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Don’t ignore the dead fish: using feedback to improve your leadership

Thursday, April 7, 2016 - 17:24

By Yvonne Willich

Companies are surprisingly similar in what they claim to be their values, culture and execution, but there is a lot more variation in what actually happens at the coalface. Leaders have a crucial role in determining how well their organisations ‘walk the talk’ through their own conduct and the way they respond to others.

Most leaders would say their actions reflect their organisation’s values, and genuinely believe it. But many have a blind spot in their self-assessment. When it comes to judging your performance, personal reflection isn’t enough; only candid feedback from others can reveal the impact of your actions. The drive and optimism that leads to a person’s success, however, can sometimes make them disinclined to hear bad news about themselves or their endeavours.

It’s a natural first response to engage with supporters and ignore those who convey criticism or resistance. But it is vital that leaders can override their initial avoidance and irritation when confronted by negative views and genuinely seek to understand what is being said.

Failure to address problems or resistance does not cause them to disappear, they just go underground. A wise CEO once explained this to me as his ‘dead fish’ metaphor. As he said, a dead fish on the table is unpleasant but it can be dealt with. A dead fish that remains under the table only gets worse over time, until no-one can go anywhere near it.

Leaders who turn around an organisation’s culture tend to be brave enough to face any challenge, no matter how smelly, and emerge the stronger for it.

An appetite for the truth

A leader’s appetite for the truth has a strong impact on an organisation’s culture for two reasons. Firstly, it demonstrates the extent to which values such as honesty and integrity are genuinely important, and secondly it provides knowledge about the level of staff engagement with the organisation’s goals.

To use the metaphor of car travel, very few people would choose not to be informed about a problem which could prevent them from arriving at their destination. However, leaders who do not seek to understand resistance or negative feedback are doing this.

While most people fear the criticism that may come with honest feedback, it can also highlight positive aspects of leadership which leaders themselves may not have recognised as significant. Candid feedback is a road map showing leaders what to do more of – and less of – to achieve goals and create a healthy culture.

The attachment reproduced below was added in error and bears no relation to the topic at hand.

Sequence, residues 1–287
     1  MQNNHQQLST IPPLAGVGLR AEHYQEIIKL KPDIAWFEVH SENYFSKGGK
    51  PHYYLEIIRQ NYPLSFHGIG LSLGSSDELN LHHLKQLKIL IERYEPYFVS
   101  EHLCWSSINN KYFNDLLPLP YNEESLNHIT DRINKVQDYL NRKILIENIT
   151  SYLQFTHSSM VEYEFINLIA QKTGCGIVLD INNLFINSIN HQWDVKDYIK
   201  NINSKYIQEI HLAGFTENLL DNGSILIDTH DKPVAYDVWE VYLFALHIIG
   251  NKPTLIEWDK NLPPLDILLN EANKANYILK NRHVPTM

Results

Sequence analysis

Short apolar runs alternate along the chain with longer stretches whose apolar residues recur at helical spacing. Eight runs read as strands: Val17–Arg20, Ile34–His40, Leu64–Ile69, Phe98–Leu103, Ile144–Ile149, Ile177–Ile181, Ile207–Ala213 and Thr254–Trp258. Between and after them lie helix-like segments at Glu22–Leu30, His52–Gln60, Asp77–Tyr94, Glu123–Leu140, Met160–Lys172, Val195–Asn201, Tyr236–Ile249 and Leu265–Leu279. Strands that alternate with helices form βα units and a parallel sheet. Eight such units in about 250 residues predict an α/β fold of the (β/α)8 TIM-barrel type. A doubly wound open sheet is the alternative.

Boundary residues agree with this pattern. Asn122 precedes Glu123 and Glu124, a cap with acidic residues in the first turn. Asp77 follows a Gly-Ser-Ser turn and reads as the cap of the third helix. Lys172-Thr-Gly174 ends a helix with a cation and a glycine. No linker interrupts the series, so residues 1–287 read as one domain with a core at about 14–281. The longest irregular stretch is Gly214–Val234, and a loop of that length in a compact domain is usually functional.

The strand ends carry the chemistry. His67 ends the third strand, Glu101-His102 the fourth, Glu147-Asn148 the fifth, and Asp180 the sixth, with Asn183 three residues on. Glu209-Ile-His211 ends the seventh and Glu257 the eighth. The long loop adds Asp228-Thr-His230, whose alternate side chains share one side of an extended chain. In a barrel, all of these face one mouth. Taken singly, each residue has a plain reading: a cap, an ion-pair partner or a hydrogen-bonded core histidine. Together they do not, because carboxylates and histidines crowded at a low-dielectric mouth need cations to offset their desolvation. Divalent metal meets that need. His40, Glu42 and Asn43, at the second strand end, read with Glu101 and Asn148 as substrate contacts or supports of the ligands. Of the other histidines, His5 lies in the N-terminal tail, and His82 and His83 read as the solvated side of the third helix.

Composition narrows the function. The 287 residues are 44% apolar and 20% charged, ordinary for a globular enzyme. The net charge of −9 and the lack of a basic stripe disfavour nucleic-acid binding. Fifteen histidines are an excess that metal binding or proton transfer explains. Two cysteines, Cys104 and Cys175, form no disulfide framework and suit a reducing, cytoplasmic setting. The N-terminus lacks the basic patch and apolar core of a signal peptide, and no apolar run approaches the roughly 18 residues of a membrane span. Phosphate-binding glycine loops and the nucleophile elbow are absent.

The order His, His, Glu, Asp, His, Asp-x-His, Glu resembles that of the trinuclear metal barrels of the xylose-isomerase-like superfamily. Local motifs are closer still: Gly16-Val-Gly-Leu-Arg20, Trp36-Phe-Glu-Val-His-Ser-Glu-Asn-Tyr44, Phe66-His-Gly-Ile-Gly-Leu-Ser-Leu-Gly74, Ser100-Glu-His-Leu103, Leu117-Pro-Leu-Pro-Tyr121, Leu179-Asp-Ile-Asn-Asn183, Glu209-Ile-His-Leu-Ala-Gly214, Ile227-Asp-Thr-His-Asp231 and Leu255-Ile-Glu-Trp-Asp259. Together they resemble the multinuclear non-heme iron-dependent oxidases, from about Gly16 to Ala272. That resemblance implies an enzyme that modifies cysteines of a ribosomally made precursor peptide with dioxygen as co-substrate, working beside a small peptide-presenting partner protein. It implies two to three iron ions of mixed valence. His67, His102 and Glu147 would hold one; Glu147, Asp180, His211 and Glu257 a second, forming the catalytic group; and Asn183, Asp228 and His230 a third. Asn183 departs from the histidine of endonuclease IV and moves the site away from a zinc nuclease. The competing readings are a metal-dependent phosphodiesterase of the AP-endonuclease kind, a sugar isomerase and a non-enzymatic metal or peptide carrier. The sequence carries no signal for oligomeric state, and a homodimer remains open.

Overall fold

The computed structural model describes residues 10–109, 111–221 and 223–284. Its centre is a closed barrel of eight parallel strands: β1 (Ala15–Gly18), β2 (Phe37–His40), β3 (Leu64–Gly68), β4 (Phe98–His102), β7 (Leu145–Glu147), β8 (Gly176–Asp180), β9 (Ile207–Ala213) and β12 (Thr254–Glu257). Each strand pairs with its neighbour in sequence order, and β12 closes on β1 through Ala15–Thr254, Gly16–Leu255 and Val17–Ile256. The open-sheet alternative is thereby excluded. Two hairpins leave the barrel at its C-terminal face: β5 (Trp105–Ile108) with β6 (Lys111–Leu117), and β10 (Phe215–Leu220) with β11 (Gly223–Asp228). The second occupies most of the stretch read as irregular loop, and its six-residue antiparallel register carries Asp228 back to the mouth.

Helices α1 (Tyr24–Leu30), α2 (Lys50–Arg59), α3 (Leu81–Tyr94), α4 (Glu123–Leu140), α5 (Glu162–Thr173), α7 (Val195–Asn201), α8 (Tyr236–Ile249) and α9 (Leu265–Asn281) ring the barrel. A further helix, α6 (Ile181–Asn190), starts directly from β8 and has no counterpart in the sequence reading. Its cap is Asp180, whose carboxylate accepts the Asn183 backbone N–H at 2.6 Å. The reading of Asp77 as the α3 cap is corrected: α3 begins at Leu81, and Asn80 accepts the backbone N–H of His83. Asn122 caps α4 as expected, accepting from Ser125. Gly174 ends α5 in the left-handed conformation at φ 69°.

To establish whether honesty is valued and forthright dialogue is encouraged, the question every CEO should ask is not ‘Do I encourage the team to express their views candidly?’, but ‘How do I respond to criticism?’

Loyalty is an attribute of healthy cultures that often seems to be lacking in leadership teams, both in business and politics. It is interesting that people are more likely to feel loyal if they have had an opportunity to talk about their concerns and are listened to.

Enforced ‘cabinet solidarity’ without a forum for robust discussion results in people seeking alternative ways to express their frustration. This then results in a range of negative behaviours which impact the culture throughout the organisation.

Rules must apply to everyone

How poor behaviour is managed across the organisation is another important determinant of culture. People at all levels within an organisation can identify what is measured, what is rewarded and what is called out as unacceptable. Once again, the alignment with an organisation’s stated values is crucial.

Many of us have encountered the term ‘untouchables’ to describe a person who is beyond sanctions because of their perceived importance to the business. Frequently they generate revenue and are rewarded for that. In a healthy culture, people are confident that poor behaviour isn’t tolerated and the most senior leaders will make this clear regardless of who is involved.

To enable this to happen, the chief executive needs to give an organisation’s HR teams and internal monitoring functions the independence and authority to do their job without interference.

Yvonne Willich is the resident corporate psychologist at Kordomentha. She regularly assists with strategic organisational reviews on behalf of the firm’s clients.

This article orginally appeared in Leadership Matters, AIM's bimonthly magazine exclusively for AIM Members. To find out how you can be a part of Australia's peak body for managers and leaders, please click here.